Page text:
#PGMinseason | Claire Raggozzino
As the #PGMinseason hashtag project moves along, we are happy to share our final in season community leader post from Claire Raggozzino of Vidya Cleanse. It's a delight to have an Ayurvedic perspective from Claire that provides an even bigger context for in season cooking and eating...not to mention her unbelievably delicious recipe for a little something sweet (yes! dessert! woo!).
Enjoy Claire's post and check out our other community leader's recipes, Lindsey Love's Pickled Corn Succotash Salad With Heirloom Beans and White Nectarine & Laura Wright's Grilled Harissa Eggplant With Burst Tomatoes, Quinoa and Herb Salad.
Look up our hashtag #PGMinseason on Instagram or follow @PureGreenMag for submission highlights!
THE IDEA OF FOODS BEING IN SEASON WASN'T A CONCEPT THAT I GREW UP WITH CLOSELY living on an island in Alaska where it rained so hard nothing could grow locally except the salmon that swam upstream to spawn in the summer months. We had one season on that island, and that was rain…15 feet a year that is! So when I moved to Washington, DC and eventually to Oklahoma it was a lovely surprise to have all four seasons and local farmers markets to explore and expand my seasonal repertoire.
Then when I started to dive deeper into Ayurvedic wellness, the concept of in season took on a whole new meaning for me. In Ayurveda, there are actually six seasons instead of four, where winter and summer are divided into wet and dry months. Though the seasons greatly depend on our own geographical location and weather, the general concept of balancing health through seasonal alignment is applicable to all. I find it interesting that the word rtucharya, which describes the cycle of the seasons, literally translates to mean “cosmic rhythm.” Thus, it’s this seasonal awareness that allows us to live in balance and harmony with our environment and the cosmic rhythms of the earth. And food is, I believe, the most direct and natural way to attune our bodies with the seasons.
Seasonal rhythms have an important influence on our biological cycles, and each season expresses characteristics of a specific Dosha. Since Ayurveda seeks to find harmony through balance, in simplest terms, we eat foods and partake in activities that balance out the characteristics of each season. Autumn and early winter is Vata time with the cold, dry, windy weather, thus we seek warming, cooked foods like roasted root vegetables and nourishing stews. While the cold and wet weather of late winter and early spring are expressions of Kapha in the environment, we enjoy spicy, astringent and bitter foods to promote movement and cleansing in the body. In the hot, dry/humid conditions of early and late summer expresses the qualities of Pitta and Vata, so we seek hydrating, cooling foods that are abundant and in season – think melons, summer squash, leafy greens and fresh herbs - during these months.
As we are in summer now, there are a few general tips I try to follow to keep my body in balance with the season while taking advantage of all the amazing ripe seasonal produce available:
- Eat sweet, hydrating fruits like apples, apricots, avocados, berries, cherries, coconuts, figs, nectarines, peaches, plums, and melons. Avoid overly sour or under ripe versions of these fruits.
- Enjoy sweet or bitter vegetables like artichokes, asparagus, broccoli, cabbage, cauliflower, celery, cucumber, leafy greens, and summer squash.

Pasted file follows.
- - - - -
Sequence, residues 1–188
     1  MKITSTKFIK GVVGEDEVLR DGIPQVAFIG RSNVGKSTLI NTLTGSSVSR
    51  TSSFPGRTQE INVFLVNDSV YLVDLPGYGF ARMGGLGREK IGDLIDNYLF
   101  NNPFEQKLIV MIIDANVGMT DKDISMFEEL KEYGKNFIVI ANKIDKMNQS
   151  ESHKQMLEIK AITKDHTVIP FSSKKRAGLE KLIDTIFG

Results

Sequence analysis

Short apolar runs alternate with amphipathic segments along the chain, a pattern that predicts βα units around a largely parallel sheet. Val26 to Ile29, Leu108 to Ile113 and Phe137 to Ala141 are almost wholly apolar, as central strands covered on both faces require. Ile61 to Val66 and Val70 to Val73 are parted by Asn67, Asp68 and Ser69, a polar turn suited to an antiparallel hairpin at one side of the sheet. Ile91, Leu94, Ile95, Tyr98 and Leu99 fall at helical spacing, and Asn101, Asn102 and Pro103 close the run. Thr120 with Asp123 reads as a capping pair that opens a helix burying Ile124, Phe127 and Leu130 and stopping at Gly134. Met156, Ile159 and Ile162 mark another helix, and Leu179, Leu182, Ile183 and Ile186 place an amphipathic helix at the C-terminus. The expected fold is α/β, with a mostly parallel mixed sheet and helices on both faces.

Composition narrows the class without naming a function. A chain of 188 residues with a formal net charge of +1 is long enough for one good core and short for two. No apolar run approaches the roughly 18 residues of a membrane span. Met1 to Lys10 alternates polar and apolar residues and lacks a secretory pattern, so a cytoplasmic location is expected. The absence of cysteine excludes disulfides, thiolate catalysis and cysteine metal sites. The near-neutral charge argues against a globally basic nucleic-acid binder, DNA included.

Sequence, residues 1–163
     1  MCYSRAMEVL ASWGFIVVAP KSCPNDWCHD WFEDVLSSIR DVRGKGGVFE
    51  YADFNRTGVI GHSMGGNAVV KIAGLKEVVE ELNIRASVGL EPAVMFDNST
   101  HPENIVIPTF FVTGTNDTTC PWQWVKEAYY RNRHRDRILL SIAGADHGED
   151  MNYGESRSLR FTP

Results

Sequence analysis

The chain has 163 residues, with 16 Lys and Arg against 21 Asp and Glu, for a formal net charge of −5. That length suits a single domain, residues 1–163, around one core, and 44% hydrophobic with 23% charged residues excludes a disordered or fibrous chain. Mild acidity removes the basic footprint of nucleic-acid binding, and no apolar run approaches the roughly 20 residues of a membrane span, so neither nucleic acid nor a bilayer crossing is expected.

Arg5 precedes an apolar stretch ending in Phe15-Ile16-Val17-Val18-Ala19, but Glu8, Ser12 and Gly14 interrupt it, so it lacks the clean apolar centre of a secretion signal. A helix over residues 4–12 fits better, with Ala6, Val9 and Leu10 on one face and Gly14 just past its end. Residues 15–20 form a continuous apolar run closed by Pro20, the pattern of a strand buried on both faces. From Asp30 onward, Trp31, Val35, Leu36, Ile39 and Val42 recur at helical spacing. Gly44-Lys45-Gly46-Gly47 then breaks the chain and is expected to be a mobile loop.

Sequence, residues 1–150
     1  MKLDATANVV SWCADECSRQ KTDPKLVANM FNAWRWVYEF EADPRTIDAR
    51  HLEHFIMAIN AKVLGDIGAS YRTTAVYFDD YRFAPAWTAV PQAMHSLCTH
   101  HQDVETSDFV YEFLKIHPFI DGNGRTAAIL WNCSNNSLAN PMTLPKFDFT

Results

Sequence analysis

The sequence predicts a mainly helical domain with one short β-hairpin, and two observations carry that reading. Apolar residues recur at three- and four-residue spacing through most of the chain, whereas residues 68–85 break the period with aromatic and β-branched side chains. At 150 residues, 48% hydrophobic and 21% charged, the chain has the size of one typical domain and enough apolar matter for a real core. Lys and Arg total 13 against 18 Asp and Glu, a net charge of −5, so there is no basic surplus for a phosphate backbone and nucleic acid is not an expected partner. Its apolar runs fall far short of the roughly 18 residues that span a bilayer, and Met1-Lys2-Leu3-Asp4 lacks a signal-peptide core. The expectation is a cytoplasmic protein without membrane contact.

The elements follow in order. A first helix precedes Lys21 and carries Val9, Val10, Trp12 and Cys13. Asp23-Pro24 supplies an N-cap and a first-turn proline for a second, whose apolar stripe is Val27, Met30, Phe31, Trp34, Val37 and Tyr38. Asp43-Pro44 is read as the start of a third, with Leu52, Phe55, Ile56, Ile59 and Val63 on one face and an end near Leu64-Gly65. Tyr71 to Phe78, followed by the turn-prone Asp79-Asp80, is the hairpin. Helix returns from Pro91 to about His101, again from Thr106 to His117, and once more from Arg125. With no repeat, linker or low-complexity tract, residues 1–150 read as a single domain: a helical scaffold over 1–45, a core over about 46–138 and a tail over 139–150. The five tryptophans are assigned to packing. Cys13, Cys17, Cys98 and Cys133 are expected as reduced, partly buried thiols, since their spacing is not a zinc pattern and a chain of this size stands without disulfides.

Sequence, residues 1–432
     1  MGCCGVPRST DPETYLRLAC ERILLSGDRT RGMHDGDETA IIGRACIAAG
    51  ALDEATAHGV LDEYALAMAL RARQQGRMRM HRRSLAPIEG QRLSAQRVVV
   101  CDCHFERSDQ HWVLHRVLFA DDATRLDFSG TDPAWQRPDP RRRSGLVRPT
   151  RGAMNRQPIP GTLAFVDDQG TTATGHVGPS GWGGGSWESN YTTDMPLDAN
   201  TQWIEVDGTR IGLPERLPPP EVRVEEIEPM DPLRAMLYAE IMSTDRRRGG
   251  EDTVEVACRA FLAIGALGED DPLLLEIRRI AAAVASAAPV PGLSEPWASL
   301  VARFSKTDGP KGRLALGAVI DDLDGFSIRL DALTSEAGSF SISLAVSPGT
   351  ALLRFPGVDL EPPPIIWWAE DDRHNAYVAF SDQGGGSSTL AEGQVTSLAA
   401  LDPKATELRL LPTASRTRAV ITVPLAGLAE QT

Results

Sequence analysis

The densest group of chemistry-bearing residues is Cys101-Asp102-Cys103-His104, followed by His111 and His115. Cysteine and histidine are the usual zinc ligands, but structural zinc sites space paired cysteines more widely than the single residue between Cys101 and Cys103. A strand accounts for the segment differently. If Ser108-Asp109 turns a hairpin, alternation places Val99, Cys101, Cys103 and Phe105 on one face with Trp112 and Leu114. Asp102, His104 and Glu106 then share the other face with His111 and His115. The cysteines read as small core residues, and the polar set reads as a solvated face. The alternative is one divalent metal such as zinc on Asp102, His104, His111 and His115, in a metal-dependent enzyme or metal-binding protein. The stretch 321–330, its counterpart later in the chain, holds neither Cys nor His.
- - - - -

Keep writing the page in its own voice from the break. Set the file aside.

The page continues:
- Utilize cooling herbs that help reduce Pitta, including cardamom, cilantro, coriander, cumin, dill, fennel, lemon balm, mint, parsley, rose, and saffron.
Naturally, the heat of the summer is one of the few times you can really enjoy a good ice cream. To combine some of these cooling Ayurvedic foods and spices, I made a fresh coconut-based ice cream using cardamom and vanilla bean, with a stewed plum and apricot compote to layer on top. If ice cream isn’t your thing, I also enjoy this compote on top of coconut yogurt. And I imagine it would go quite well on a morning porridge, too! I hope you enjoy this recipe and explore the practice of seasonal eating and what it means to staying healthy, balanced and grounded in the cosmic dance of life.
Summer Fig & Plum Compote over Cardamom Vanilla Ice Cream
- 10 plums, pitted & chopped
- 6-8 figs, stems removed & chopped
- 1 orange, juiced & zested
- 2 tsp ground cardamom
- ¼ tsp ground cinnamon
- 2 tbsp raw honey
In a thick-bottomed pot, add ¾ of the chopped plums, orange juice and orange zest. Bring to a boil to reduce the plums for 5-8 minutes, stirring frequently. Then, add the remaining ¼ of the plums, the chopped figs, the spices and the raw honey. Continue to simmer on a medium low heat while the mixture cooks down for another 10-15 minutes. Avoid overcooking! You want the consistency to be a like stew with soft chunks of fruit in a thick syrup. Once cooked, remove from heat and allow to cool. Transfer to an airtight container and store until ready to use.
Note: This compote can be used for a number of dishes, from breakfast porridges to yogurts and ice creams. If you prefer a hot compote, serve immediately after cooking, otherwise allow plenty of time to cool before serving over top ice cream.
- 2 cups young coconut meat
- ½ cup cashews, soaked overnight
- 1 cup almond milk
- ¼ cup maple syrup or raw honey
- 4 tbsp melted coconut oil
- 1 tbsp vanilla extract or 1 tsp vanilla bean powder
- 1 tbsp ground cardamom
- pinch sea salt
Combine all ingredients in a high-speed blender, puree until creamy. Transfer the liquid into your ice cream maker. Following your machine’s directions, churn until thick and creamy. If needed, transfer to freezer and allow time to solidify until ready to serve.
To serve: scoop 1-2 satisfying scoops into a bowl or jar, serve with a big spoonful of compote, a sprinkling of orange zest and chopped pistachios.